Completely Subjective: Stephen Dunn’s “The Imagined”

I have grown up in a world of happy relationships, for the most part. My parents are happily married, I have some content extended family members in serious relationships, and I have only witnessed divorce through the eyes of my friends. I remember the moment when my mom told me my aunt and uncle were getting a divorce. It was something I never thought could happen. I wondered: How could two people who fell in love want to cheat their relationship to be with other people? I wanted to hate my uncle for this, but I knew he was family and I shouldn’t. The rest of my family, well, they hated him. Even now. I asked my mom why this happened. “It’s because they weren’t communicating. They were unhappy together” she said. Again, I thought how a couple could just not talk when they live so close together. As I got older, I started to understand this.

The author, Stephen Dunn, has won multiple literary prizes for his excellency in poetry as I later learned while researching him. I learned also that he has a wife, so I kept this in mind while reading to see if he had made his own personal connections. His tone in the poem is very descriptive and it painted a picture in my mind of what this couple looked and acted like. I didn’t know I connected with this poem until I realized the people painted in my head were my aunt and uncle.

When I came across “The Imagined” by Stephen Dunn in BAP volume 2012 while working on a project in poetry class, this abstract idea of marriage and commitment sort of clicked for me. A relationship burns out overtime because the couple isn’t honest with each other. This applied to my aunt and uncle and the couple in the poem. In this poem, the man prefers his imaginary wife over his real wife and the woman prefers her imaginary husband over her real husband. Is having an imagined spouse better than just finding another partner? The couple in the poem don’t seem to be complaining. They just go about their lives, participating in a made-up marriage. The line “He’s present even when you’re eating your omelette at breakfast” (Dunn 34) stood out to me because it is almost like the woman switched the roles and the real husband is non-existent to her and she pays more attention to the imaginary husband.

I tried to find a reason for this uncommunicative relationship. Is being in an imaginary marriage make one more happy than being in a real marriage? After some research and thinking about my own experiences with relationships, I figured that the main reason is time. Hints in the poem reveal that they have been together for a long time. The poet notes that they have been on vacation together, eat breakfast together every morning, and share a bedroom. These are usually not normal factors in a new relationship. I think they grew old together and heard each other’s stories over and over again, until they go silent.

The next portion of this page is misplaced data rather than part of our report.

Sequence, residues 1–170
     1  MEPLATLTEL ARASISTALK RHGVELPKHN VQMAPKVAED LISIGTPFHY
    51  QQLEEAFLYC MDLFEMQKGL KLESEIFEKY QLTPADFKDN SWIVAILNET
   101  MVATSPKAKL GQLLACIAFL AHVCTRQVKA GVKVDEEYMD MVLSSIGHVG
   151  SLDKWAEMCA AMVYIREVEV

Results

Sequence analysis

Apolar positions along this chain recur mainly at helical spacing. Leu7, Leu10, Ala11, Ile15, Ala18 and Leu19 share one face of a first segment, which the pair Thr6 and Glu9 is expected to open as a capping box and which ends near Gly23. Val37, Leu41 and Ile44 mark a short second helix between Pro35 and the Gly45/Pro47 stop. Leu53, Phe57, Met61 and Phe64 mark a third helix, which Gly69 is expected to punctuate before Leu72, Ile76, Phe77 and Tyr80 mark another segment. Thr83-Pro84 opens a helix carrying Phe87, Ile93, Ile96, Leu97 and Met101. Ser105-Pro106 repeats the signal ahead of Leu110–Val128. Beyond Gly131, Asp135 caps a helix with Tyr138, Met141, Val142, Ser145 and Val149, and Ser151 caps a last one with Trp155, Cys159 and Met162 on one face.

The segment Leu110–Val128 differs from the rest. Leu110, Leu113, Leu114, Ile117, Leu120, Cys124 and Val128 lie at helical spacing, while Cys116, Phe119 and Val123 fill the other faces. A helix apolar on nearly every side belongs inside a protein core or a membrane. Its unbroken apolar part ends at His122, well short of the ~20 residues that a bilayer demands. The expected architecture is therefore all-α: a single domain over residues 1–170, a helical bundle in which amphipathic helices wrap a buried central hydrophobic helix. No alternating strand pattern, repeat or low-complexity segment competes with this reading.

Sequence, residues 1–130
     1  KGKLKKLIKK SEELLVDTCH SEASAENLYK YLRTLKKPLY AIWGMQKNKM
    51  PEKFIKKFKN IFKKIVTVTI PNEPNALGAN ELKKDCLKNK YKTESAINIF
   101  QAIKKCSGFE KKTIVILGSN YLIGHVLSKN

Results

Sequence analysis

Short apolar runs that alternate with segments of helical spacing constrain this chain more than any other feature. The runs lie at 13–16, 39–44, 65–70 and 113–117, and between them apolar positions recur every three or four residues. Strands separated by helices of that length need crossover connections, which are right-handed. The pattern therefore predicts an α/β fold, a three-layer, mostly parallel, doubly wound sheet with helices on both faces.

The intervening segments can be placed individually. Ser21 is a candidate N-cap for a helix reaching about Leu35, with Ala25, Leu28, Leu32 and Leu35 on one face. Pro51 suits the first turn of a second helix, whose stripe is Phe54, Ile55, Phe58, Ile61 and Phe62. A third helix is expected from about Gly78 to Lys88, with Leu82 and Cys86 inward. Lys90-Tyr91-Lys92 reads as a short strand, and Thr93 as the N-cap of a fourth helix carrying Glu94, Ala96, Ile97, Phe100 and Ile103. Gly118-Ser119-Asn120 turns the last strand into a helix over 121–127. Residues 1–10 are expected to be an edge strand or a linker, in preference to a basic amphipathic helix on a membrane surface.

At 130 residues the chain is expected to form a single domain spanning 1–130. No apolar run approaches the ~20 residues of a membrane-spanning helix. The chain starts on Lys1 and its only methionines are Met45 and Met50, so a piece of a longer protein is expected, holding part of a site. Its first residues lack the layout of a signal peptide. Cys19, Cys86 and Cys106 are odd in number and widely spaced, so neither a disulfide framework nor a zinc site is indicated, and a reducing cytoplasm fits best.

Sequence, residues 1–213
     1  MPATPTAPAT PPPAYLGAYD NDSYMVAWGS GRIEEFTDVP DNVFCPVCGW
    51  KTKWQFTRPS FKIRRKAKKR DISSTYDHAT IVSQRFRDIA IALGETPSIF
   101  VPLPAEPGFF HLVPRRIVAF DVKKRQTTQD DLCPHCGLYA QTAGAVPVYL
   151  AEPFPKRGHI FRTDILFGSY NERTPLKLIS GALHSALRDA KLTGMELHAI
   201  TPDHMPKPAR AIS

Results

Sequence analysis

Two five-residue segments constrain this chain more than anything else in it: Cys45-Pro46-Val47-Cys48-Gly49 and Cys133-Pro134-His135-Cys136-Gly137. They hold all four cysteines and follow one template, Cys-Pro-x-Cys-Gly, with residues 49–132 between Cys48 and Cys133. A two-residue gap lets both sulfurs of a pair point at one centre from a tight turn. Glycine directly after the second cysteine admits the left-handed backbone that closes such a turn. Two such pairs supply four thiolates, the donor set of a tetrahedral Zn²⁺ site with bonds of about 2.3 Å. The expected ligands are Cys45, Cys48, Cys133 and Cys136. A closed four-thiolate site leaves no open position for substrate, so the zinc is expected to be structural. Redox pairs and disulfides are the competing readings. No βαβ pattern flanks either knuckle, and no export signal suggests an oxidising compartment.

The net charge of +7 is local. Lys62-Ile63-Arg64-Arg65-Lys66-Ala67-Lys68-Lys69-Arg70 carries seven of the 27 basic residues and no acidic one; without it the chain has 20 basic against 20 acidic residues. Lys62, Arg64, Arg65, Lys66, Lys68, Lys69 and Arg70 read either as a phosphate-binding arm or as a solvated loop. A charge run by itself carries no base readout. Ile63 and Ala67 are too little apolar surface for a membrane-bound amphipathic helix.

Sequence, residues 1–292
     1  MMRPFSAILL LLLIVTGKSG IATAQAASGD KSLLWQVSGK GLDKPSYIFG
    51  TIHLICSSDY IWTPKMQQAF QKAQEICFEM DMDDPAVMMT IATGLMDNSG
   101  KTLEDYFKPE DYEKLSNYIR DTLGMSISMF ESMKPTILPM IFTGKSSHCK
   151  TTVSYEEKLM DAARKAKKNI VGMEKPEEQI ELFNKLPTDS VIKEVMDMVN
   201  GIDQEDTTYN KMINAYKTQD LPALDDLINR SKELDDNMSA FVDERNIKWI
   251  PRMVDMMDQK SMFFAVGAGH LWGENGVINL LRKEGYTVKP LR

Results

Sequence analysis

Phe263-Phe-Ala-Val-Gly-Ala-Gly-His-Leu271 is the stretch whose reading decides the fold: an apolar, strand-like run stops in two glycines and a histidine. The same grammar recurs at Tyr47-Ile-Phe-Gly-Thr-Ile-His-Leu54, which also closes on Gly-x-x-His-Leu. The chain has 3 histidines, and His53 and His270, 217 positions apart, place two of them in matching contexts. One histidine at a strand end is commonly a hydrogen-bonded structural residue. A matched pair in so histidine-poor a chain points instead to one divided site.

The last poem considers the happiness of the man and the woman. How maybe they are not in love anymore, but they just go along with the relationship because they don’t feel like starting over. “Isn’t her silence, finally, loving? And yours not entirely self-serving? Hasn’t the time come, once again, not to talk about it?” (Dunn 35). This quote says a lot about the character of the man. First, he appreciates her silence. He doesn’t wish for her to communicate with him which shows that he is more happy with his imagination. Second, he thinks that his silence is appreciated by the wife, so he suspects the wife has a imaginary spouse also. In other words, he thinks he is doing her a favor by not communicating. Thirdly, he mentions again that he won’t talk about it anymore which reveals why the relationship is distant in the first place.

I would like to think that people drift apart because they have known each other for so long, not because they have fallen out of love. What happened between my aunt and uncle was bound to happen because of time and miscommunication. It is sad to think about it, but in reality, they saw it coming way before I did. The couple in the poem are different because they have found a way to accept their miscommunication and don’t feel like it is appropriate to start anew because of their age. I feel like I can accept their relationship if they are happy that way, but I would not want to live like that. I hope that when I grow older, I can find myself in a healthy relationship based on honesty and trust. I think that that should be the main goal in a marriage for everyone and they need to give their relationship time before they settle because not speaking your mind to someone you love isn’t worth it.

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